Toronto Maple Leaf Jerry D’Amigo was lunging for the puck and bent down to extend his reach. Pittsburgh Penguins defenseman Robert Bortuzzo, who’d already established position, followed through on his check. It would’ve been a solid, clean check from Bortuzzo if D’Amigo was upright. He wasn’t, and D’Amigo’s head made contact with Bortuzzo’s arm.
What do you think? Headshot? Suspension-worthy? Here’s why it shouldn’t be:
Rule 48 – Illegal Check to the Head
48.1 Illegal Check to the Head – A hit resulting in contact with an opponent’s head where the head was the main point of contact and such contact to the head was avoidable is not permitted. In determining whether contact with an opponent’s head was avoidable, the circumstances of the hit including the following shall be considered:
(i) Whether the player attempted to hit squarely through the opponent’s body and the head was not “picked” as a result of poor timing, poor angle of approach, or unnecessary extension of the body upward or outward.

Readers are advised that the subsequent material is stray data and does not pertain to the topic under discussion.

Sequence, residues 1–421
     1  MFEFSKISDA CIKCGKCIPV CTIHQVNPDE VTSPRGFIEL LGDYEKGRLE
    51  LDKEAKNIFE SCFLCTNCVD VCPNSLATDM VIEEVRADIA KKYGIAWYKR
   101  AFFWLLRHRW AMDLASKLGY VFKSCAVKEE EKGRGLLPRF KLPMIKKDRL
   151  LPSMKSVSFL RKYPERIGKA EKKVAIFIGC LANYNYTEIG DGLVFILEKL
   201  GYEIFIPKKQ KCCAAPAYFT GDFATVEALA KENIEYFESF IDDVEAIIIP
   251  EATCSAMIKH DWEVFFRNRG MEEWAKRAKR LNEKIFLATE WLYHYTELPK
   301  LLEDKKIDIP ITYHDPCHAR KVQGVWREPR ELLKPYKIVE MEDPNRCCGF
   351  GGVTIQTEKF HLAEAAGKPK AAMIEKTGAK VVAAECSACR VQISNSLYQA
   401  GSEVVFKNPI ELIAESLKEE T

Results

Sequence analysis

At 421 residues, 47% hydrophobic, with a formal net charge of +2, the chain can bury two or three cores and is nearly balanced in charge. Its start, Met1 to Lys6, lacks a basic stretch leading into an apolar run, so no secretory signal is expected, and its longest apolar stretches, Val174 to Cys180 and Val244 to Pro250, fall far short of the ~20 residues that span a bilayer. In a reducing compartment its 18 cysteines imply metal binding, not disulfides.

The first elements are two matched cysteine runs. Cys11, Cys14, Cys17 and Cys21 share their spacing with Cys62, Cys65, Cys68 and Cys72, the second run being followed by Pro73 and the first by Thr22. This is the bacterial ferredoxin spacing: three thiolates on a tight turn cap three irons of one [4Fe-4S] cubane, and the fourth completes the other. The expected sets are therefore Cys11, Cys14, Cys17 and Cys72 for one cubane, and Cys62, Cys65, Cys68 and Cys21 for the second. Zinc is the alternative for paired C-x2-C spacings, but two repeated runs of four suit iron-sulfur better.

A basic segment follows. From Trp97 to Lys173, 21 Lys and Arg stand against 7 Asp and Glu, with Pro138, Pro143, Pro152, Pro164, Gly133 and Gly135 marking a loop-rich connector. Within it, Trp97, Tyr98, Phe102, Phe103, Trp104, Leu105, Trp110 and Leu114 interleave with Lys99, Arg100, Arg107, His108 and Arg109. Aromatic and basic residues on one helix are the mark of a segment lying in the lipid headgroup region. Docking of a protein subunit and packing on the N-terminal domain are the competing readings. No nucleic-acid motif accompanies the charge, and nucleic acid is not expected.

(ii) Whether the opponent put himself in a vulnerable position by assuming a posture that made head contact on an otherwise full body check unavoidable.
UPDATE: The league just confirmed that it’s not. No supplemental discipline for Bortuzzo.
In looking at Bortuzzo/D'Amigo, we see unavoidable head contact on an otherwise full body hit. Will not be pursuing supplemental discipline.
— NHL Player Safety (@NHLPlayerSafety) December 17, 2013
While it’s good to see suspensions for shots that intentionally target the head, it’s also nice to see them get the calls right when it’s unavoidable to make contact.